PLEASE NOTE: In an effort to curb the spread of COVID-19, the Landmarks Preservation Commission (LPC) is adjusting its processes and procedures to ensure the agency continues to provide services to the city while protecting the health of its employees and the general public. The agency is currently holding public hearings and meetings through Zoom, and live-streaming them through its YouTube channel. This enables applicants to present their projects to the Commission and the public to watch the presentations live on YouTube. Interested members of the public will also be able to provide live testimony by joining in through the Zoom app or by calling from any telephone. For information regarding online public participation, visit the LPC’s website here.
The Historic Districts Council (HDC) reviews every public proposal affecting New York City’s landmarks and historic districts and provides testimony to the Landmarks Preservation Commission (LPC) whenever it is needed.
Please continue reading for our testimony regarding the latest items under consideration by the Commission. We invite you to visit the [email protected] blog for an archive containing all of our past testimony.
199 St. John’s Place – Park Slope Historic District
CERTIFICATE OF APPROPRIATENESS, Docket #2009453
A rowhouse designed by William Gubbins and built in 1881. Application is to legalize the installation of windows without Landmarks Preservation Commission permit(s).
Architect: Not determined
Illegal windows make quite a statement, and the photos in the application made a terrific case for why consulting with the Landmarks Commission is necessary when working on designated buildings. It is unclear how or why this happened, as Park Slope has been a designated historic district for some time now.
LPC determination: Approved with modifications
This violation was issued in 1990, prior to the time violations were attached to property titles. As this building is in the process of being sold, the violation was just recently flagged. These illegal windows are thirty years old, and the Commission agreed that they are near the end of their lifespan and will likely be replaced soon. The panning, however, must be removed and the wooden brick molds restored.
420 Riverside Drive – Morningside Heights Historic District
CERTIFICATE OF APPROPRIATENESS, Docket #1940117
A Renaissance Revival style apartment building designed by Gaetan Ajello and built in 1911‐12. Application is to establish a Master Plan governing the future installation of windows.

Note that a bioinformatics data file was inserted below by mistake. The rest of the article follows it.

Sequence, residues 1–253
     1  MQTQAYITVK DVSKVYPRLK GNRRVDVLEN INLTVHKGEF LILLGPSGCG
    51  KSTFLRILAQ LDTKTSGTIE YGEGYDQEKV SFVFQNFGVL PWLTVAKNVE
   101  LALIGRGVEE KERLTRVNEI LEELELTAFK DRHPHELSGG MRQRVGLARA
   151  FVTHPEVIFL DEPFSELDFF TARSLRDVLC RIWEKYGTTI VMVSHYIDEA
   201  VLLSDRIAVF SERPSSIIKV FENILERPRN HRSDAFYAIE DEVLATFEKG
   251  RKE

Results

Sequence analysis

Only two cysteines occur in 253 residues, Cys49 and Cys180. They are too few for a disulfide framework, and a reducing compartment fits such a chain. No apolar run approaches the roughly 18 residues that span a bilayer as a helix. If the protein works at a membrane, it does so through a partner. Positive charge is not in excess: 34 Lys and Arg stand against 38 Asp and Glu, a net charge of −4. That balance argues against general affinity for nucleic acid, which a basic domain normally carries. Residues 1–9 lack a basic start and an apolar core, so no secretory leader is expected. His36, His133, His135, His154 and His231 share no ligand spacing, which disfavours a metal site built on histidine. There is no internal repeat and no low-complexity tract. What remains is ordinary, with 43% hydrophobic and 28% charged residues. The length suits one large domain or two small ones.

Architect: Panorama Windows, Ltd.
A fair amount of Morningside Heights’ architectural exuberance can be traced back to the creative hand of Sicilian architect Gaetano Ajello, who often signed his buildings. Here, at The Hamilton (originally The Cliff House), several features of the architect’s intention has unfortunately disappeared. Despite a missing cornice, and the removal of balconies supported by massive brackets, the LPC staff still decided to list this building as “contributing” in the designation report. This implies a clear intention for, or indication to a future LPC to encourage restoration of its architectural features. HDC argues that because the building has already suffered removals of ornament, that instituting the historically proper window configuration should be a priority as a step one to move this building in the correct direction.
The presence of transoms is incredibly important to the design of this building, especially on the first three stories. If Commissioners look closely at the tax photo, the transoms align with the rusticated masonry courses at floors one and two, and then with the egg and dart course at the third floor. At the very least, the original window configuration should be implemented for these floors—ideally, the entire building.
The window master plan in Morningside Heights that Commissioners viewed last week was of a building where no original windows remained for the past forty years. Here, there are several surviving original casement windows which offer a visual sample of the architect’s stylistic choice and their intended relationship to the building. HDC asks that architect Ajello’s fenestration design be put back on both the Riverside Drive and West 114th Street facades.
LPC determination: Approved with modifications
In testimony HDC argued that because this building suffered many alterations, putting back a historic window configuration was imperative. Commissioners John Gustafsson and Anne Holford-Smith agreed, with Holford-Smith stating, “I agree with the HDC, the building losing all of its ornament makes [the windows] even more important. The historic photo it is very clear what was there. I would argue going back to the original configuration for the entire building.” While the entire building’s historic configuration was not approved, the Commission did require the first three stories to return to its original appearance as HDC suggested. Chair Carroll concluded by stating that the proposed windows at the first three floors do not successfully recall the historic configuration, and directed the applicant to revise the proposal to reflect the historic mix of windows found in the photographs.